New York Times public editor Margaret Sullivan was very critical of the paper's recent Iraq coverage and warned Saturday that the Times could be headed down a dangerous yet familiar path.
In a weekend column, Sullivan wrote that in the months leading up to the 2003 invasion of Iraq, much of the Times' reporting took a hit for being "flawed" and "lacking in needed skepticism." Now, with the renewed crisis in Iraq, Sullivan said that readers are once again accusing the Times' coverage of lacking in balance -- and that they're right to do so.
A principal criticism is that the paper has been giving too much of a platform to Iraq hawks and unnamed sources, while neglecting to give a voice to those who oppose an intervention.
"On the Op-Ed pages and in the news columns, there have been very few outside voices of those who opposed the war last time, or those who reject the use of force now," Sullivan wrote Saturday. "But the neoconservatives and interventionists are certainly being heard."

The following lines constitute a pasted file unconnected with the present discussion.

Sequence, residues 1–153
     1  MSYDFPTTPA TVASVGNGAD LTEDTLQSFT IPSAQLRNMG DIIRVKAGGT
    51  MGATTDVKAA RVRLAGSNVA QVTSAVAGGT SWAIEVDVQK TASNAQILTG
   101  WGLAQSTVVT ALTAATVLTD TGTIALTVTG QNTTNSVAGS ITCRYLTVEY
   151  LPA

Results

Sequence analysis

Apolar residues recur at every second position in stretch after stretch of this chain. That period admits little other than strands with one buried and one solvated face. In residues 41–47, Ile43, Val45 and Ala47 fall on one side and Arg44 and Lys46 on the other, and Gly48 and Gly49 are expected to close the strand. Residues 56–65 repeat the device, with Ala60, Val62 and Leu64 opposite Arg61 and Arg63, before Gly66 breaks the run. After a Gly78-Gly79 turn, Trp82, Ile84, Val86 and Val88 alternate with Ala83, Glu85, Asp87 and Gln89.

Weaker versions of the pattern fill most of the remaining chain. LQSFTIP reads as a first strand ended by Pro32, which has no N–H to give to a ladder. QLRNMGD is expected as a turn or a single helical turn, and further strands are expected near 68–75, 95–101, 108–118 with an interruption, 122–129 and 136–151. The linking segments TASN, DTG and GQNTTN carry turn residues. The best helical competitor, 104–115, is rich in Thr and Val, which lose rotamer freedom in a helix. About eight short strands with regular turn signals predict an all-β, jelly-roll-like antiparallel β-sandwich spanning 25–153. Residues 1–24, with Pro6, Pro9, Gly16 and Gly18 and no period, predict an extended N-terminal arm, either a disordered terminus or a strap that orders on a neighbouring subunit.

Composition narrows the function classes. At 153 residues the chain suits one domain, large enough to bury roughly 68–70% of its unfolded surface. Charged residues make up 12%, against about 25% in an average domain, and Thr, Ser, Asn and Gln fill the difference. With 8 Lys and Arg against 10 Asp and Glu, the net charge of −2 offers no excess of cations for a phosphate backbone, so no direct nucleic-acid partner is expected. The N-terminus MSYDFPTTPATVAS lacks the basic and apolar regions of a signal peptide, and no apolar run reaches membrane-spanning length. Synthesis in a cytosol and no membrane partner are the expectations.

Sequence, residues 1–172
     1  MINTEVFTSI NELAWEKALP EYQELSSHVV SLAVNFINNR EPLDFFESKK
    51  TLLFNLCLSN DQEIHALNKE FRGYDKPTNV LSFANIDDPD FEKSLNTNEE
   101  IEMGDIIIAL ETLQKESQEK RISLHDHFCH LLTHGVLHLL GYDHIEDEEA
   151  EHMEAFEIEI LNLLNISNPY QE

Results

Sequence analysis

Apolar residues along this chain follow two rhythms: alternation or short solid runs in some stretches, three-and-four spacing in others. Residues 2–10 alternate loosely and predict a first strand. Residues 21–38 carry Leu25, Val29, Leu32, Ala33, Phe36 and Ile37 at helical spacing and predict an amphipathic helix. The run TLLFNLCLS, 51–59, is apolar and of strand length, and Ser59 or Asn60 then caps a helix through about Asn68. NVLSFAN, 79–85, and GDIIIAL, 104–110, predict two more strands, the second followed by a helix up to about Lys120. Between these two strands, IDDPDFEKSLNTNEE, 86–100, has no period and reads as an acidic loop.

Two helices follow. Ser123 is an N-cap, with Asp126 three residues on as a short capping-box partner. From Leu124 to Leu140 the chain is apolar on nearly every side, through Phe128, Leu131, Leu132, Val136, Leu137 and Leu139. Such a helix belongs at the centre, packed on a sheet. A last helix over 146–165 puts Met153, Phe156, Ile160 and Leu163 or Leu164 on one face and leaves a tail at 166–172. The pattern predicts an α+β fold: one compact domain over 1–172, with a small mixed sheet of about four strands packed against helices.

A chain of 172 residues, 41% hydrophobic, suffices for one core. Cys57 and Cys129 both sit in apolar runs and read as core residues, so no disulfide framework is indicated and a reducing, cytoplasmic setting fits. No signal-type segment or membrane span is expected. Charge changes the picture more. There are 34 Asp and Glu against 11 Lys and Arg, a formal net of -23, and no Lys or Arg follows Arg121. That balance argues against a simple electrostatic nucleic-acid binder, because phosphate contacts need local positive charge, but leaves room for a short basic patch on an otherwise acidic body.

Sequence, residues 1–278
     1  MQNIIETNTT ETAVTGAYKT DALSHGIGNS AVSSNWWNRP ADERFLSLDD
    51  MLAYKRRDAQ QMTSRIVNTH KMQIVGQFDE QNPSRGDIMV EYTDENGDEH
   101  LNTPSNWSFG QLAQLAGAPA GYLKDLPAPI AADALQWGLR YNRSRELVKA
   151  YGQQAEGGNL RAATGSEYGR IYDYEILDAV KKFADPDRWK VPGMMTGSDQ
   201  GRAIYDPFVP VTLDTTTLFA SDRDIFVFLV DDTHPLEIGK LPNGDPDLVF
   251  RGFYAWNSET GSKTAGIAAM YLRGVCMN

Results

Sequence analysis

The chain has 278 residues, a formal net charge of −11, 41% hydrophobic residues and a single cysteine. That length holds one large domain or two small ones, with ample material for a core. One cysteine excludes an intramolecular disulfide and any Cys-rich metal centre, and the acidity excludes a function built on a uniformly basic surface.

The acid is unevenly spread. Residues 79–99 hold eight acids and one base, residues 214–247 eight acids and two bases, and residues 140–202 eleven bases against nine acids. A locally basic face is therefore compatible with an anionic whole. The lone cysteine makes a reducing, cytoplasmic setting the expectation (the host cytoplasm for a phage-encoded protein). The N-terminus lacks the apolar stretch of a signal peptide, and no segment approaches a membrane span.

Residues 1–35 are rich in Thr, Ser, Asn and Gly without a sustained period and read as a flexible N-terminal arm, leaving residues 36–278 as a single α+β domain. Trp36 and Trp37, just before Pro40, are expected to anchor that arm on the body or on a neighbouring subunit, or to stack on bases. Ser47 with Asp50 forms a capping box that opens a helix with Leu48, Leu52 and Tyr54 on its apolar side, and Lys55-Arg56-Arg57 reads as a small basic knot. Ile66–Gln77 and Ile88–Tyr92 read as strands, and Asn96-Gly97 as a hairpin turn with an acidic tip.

Sullivan pointed to several recent examples in the Times where she said readers were correct to complain that the paper is failing to present both sides of the argument about Iraq.
"I hope that the editors -- on both the news and opinion sides -- will think hard about whose voices and views will get the amplification that comes with being in the Times," she concluded.